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News Link • Police State

The Leader of the Unfree World

•, Matt Ford

On Friday, the U.S. Sentencing Commission voted unanimously to allow nearly 50,000 nonviolent federal drug offenders to seek lower sentences. The commission's decision retroactively applied an earlier change in sentencing guidelines to now cover roughly half of those serving federal drug sentences. Endorsed by both the Department of Justice and prison-reform advocates, the move is a significant step forwardthough in a global context, still modest—in reversing decades of mass incarceration.

How large is America's prison problem? More than 2.4 million people are behind bars in the United States today, either awaiting trial or serving a sentence. That's more than the combined population of 15 states, all but three U.S. cities, and the U.S. armed forces. They're scattered throughout a constellation of 102 federal prisons, 1,719 state prisons, 2,259 juvenile facilities, 3,283 local jails, and many more military, immigration, territorial, and Indian Country facilities.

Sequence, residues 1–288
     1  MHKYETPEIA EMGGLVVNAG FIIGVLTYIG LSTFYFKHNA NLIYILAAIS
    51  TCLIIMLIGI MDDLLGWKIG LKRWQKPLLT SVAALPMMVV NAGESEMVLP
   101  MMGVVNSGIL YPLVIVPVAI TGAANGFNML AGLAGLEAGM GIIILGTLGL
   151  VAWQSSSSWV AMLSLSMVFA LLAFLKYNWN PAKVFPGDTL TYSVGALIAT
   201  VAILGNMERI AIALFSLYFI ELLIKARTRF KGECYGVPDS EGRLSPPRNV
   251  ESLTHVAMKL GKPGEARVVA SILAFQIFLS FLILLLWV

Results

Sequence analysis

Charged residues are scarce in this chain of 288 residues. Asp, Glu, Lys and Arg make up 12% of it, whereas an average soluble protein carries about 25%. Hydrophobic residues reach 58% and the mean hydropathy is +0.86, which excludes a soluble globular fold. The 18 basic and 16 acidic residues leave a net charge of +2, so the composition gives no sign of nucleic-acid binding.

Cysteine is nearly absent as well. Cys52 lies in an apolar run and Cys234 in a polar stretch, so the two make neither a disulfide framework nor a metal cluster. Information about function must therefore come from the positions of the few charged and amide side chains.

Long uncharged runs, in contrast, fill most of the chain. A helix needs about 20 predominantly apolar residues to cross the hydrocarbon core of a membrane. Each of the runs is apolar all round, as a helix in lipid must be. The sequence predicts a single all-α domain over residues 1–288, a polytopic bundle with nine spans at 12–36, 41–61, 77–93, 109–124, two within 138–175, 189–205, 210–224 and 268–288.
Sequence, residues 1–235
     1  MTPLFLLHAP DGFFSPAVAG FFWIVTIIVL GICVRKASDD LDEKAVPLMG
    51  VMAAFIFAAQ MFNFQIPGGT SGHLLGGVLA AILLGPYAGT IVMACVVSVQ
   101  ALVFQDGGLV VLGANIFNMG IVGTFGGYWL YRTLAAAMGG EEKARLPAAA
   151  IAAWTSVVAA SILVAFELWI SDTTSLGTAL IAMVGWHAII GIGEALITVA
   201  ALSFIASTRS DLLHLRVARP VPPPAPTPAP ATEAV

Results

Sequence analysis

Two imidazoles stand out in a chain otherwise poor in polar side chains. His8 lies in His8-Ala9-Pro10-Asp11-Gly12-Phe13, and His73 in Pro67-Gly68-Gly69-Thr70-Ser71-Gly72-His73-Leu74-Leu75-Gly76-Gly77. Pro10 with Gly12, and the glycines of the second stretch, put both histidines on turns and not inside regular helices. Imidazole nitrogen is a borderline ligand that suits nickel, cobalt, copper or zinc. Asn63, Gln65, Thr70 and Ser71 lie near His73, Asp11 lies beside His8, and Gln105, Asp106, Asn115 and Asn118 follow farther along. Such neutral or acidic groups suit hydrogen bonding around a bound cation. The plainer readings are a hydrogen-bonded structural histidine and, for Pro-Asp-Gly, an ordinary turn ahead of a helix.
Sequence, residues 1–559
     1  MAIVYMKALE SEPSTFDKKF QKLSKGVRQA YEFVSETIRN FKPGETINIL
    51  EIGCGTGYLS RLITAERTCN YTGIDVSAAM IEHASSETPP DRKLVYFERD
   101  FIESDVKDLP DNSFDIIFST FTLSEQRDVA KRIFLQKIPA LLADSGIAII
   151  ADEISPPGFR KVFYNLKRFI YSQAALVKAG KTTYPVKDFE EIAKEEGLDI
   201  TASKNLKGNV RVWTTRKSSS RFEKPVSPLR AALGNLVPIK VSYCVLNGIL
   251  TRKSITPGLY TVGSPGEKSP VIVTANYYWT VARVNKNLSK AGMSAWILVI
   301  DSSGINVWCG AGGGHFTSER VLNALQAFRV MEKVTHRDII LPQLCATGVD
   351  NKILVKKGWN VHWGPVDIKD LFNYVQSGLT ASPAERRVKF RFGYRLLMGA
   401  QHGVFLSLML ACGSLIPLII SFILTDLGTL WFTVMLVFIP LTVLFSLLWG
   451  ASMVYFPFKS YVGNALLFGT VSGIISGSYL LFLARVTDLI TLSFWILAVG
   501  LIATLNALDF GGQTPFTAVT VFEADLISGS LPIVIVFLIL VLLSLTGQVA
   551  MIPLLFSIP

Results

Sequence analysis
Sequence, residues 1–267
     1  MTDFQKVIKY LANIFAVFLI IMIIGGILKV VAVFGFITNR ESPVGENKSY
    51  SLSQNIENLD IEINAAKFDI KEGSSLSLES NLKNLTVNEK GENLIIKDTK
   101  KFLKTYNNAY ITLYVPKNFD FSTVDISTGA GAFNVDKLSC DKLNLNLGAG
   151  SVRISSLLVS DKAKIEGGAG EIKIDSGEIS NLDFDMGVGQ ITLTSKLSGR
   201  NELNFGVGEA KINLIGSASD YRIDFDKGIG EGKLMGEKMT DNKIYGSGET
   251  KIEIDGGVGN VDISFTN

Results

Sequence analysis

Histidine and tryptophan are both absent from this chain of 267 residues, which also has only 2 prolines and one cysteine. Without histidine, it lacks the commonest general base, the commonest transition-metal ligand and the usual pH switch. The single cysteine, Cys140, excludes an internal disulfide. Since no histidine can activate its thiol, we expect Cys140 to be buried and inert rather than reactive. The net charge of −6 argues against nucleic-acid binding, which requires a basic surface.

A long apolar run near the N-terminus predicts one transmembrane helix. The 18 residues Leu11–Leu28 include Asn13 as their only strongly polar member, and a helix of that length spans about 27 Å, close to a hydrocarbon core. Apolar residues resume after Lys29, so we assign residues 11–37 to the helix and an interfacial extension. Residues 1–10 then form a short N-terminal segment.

1 Comments in Response to

Comment by Ed Price
Entered on:

Use the info found here and here among many other places, to nullify the void judgments on most of these cases. It will be job, but it has to start somewhere.

Then use contract law to make trusts that require you to farm pot plants in the order of magnitude of thousands so that you are only following the terms of the trust as trustee. All of this is under contract law, and all of it is out from under State and Federal law EXCEPT IF YOU LET THEM MOVE YOU!!! But if you stand up for your rights as a man or woman, they will not be able to move you. They will only wind up making void judgments. And the links for how to stand up as a man or woman, and for handling void judgments, are listed above.

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